Publication: Rochester Democrat and Chronicle
Rochester, NY, United States
PLANT AT LIMA
Expect to Have it in Operation by Next January
TO EXTEND WTER SYSTEM
Taxpayers to Vote on Proposition for Bond Issue on Friday, and Prospects Are That It Will Be Approved – Cost Will Be $8,000.
Lima, July 28. – The Porcelain Insulator Corporation, which recently bought the site of the old Locke Insulator Company, whose plant was burned in January 1919, has started a force of men at work clearing up the ruins of the old plant under direction of Superintendent James W. Ryan, who was superintendent of the original insulator works built here in 1904, and who has signed a contract with the new company. The construction of five kilns will begin at once, and it is hoped to have the plant in operation by January 1st, next.
Temporary Offices Opened.
The corporation has opened temporary offices in the Postoffice block at the Four Corners in Lima, with Secretary B. A. Plimpton in charge. John M. Peck, recently of the office force of the Victor Insulator Company, began work yesterday as head clerk, Miss Margaret Skeban being stenographer. Included in the staff of the new corporation is Van R. Bennett, chief engineer; A. J. Short, electrical engineer, and B. A. Plimpton, sales agent. Mr. Bennett and Mr. Victor and Mr. Short has a storage battery shop in West Main street.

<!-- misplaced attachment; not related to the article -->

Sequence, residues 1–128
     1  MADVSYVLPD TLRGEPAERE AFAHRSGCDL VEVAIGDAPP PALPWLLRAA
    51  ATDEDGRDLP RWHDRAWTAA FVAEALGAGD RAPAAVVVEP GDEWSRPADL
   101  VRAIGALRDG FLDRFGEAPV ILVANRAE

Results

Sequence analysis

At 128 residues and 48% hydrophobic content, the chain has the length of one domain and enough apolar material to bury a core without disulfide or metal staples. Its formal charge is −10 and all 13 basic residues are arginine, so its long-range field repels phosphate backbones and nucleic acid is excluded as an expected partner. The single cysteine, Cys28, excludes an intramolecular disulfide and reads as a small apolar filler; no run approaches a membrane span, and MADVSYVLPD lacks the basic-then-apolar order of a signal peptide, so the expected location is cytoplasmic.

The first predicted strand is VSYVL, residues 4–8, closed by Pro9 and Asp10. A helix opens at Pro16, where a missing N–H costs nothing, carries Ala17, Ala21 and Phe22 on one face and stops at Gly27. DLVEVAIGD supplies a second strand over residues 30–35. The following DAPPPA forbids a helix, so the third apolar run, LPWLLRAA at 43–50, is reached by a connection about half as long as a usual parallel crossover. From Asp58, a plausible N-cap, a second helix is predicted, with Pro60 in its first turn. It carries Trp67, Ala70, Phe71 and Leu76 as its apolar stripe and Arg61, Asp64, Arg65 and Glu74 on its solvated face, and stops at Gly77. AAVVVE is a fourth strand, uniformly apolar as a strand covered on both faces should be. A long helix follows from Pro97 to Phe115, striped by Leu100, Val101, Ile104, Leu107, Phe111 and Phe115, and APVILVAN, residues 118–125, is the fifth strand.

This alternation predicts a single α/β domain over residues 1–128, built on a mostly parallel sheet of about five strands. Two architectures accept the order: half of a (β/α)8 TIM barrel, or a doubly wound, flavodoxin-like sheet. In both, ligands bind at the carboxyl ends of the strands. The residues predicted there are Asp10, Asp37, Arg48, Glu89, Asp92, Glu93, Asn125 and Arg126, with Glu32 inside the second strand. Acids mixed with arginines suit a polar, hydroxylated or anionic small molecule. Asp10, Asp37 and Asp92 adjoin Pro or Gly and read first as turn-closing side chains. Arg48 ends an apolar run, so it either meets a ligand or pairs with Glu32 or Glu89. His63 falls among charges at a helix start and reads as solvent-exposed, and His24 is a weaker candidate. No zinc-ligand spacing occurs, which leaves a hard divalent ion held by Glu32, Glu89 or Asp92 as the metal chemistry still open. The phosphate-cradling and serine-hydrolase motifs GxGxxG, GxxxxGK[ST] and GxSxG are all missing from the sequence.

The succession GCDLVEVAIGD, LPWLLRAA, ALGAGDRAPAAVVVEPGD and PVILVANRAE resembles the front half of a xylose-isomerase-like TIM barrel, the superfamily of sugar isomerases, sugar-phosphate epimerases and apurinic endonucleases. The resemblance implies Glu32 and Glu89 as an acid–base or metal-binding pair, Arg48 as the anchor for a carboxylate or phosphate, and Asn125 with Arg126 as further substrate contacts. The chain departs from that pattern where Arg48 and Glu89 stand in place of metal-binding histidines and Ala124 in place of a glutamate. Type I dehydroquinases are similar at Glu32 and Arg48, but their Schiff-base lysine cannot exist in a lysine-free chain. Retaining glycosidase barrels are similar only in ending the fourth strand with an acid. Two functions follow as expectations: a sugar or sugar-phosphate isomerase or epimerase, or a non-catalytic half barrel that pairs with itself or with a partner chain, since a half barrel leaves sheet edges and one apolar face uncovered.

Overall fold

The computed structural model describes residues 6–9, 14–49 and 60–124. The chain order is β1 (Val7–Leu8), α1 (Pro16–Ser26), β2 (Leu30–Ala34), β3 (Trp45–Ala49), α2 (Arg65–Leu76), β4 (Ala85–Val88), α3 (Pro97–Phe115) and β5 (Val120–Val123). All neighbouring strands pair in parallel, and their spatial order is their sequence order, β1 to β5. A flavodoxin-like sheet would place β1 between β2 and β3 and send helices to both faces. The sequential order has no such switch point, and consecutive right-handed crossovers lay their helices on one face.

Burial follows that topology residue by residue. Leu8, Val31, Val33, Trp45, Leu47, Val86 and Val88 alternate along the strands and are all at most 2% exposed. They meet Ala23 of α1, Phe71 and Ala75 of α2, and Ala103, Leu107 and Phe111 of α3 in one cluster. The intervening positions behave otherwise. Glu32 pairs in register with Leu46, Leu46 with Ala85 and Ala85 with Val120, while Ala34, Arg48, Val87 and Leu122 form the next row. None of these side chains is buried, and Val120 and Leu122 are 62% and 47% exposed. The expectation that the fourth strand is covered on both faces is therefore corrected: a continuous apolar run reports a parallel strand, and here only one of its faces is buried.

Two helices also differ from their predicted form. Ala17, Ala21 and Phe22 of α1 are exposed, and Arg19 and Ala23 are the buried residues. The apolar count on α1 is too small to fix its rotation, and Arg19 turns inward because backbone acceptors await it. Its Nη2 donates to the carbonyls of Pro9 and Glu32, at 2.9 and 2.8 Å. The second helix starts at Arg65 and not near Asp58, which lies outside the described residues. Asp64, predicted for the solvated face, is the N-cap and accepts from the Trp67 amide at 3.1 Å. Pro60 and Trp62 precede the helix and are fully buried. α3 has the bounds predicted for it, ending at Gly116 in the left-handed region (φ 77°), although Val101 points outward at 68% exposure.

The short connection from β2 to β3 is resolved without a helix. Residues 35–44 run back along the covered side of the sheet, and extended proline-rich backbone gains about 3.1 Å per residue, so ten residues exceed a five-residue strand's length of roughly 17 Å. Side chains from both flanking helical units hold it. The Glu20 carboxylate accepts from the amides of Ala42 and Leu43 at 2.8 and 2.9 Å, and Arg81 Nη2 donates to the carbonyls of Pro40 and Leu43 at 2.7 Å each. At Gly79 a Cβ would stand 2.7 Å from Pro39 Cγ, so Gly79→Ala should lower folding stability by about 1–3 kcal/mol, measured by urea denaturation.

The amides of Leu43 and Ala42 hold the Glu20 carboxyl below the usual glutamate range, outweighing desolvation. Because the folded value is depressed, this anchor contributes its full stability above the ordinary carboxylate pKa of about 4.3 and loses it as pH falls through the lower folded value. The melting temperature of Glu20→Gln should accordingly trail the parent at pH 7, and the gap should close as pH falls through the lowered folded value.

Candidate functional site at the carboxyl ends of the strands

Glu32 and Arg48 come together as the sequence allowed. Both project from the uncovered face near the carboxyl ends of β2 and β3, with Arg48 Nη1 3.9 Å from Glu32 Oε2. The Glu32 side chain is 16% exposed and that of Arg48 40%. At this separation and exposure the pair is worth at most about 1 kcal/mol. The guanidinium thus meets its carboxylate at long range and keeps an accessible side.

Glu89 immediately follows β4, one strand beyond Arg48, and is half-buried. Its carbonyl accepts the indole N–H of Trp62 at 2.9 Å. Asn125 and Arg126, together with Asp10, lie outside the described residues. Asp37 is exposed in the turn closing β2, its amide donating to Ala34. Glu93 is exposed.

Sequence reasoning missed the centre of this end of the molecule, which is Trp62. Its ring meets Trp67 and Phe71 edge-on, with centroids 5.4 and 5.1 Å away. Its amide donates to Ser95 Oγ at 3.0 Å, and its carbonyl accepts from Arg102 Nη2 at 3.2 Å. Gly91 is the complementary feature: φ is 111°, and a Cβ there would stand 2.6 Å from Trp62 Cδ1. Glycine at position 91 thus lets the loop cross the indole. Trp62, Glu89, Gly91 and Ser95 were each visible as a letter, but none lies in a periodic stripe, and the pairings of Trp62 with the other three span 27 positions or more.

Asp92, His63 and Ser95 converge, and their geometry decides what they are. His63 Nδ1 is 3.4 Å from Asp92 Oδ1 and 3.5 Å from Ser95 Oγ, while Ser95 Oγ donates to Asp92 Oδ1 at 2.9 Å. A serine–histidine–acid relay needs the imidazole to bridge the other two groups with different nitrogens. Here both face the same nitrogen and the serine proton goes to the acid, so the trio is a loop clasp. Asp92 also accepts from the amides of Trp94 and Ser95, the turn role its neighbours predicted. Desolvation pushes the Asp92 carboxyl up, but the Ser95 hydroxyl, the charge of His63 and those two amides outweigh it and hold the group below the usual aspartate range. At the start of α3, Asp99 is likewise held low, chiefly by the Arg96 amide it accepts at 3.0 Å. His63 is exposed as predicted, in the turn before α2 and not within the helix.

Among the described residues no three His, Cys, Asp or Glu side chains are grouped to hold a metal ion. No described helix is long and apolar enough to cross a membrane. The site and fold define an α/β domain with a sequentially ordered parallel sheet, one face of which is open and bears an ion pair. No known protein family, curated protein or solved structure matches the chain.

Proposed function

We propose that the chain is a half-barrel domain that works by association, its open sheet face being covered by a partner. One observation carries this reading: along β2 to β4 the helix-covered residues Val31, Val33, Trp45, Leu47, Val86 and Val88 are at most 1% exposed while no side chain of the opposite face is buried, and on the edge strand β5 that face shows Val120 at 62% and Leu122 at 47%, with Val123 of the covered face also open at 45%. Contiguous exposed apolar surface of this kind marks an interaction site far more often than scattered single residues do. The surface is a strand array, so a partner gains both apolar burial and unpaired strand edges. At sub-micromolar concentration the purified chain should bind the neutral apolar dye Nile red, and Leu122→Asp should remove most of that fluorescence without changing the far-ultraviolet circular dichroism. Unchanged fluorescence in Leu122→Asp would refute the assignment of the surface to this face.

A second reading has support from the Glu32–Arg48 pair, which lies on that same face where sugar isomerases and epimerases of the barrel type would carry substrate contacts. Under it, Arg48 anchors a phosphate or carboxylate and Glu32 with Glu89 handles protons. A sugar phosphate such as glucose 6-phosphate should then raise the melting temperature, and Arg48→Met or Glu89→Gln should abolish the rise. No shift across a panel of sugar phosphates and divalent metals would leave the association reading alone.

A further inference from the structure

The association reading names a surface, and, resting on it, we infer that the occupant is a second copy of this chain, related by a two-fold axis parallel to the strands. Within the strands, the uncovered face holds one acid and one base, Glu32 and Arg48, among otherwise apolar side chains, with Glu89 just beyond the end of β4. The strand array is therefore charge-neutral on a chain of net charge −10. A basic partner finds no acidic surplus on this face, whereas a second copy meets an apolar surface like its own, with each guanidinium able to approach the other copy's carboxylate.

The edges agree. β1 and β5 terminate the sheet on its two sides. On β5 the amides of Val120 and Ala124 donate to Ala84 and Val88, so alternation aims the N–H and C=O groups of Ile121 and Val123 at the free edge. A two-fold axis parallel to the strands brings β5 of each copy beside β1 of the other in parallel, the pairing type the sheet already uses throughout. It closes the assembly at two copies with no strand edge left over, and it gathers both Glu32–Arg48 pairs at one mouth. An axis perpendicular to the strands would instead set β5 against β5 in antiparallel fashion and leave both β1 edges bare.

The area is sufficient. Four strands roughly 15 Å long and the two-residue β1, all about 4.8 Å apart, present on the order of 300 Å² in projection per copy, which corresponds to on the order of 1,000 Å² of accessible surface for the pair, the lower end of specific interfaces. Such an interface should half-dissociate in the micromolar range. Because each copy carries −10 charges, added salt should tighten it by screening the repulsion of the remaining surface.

The only concession asked by the corporation of the citizens of Lima is the extension of the village water system to the plant, which is situated a short distance east of the village corporation line in the state highway. The estimated cost of extending the East Main street water mains has been placed at $8,000, and the Village Board has called a special election of the taxpayers on Friday afternoon from 1 to 5 o’clock in the court room of the Town Hall to vote the above amount, payable in eight separate bonds of $1,000 each.
Board of Trade Approves.
As the assessed valuation of taxable property in Lima is more than $500,000, the increase in the tax rate to each taxpayer will be only $2 per thousand, and it is expected the vote will be almost unanimous for the extension, only slight opposition having developed. In case of an adverse vote, the corporation would cease all work at once, and Lima’s boom would be off.
The Board of Trade and business men are enthusiastic over the prospective building of the new plant, which, it is said, will eventually employ more than 200 men, with a pay roll of $300,000 annually. Many new houses will be erected in Lima with new streets laid out, and the industrial future of the town seems assured. Owing to the rapid development of hydro electric construction work in the United States, the call for porcelain insulators is incessant, and present plants cannot begin to supply the demand, it is said. Insulators made in the old plant were becoming famous as the “Lima Insulators” and many of the old employees will return to the new plant.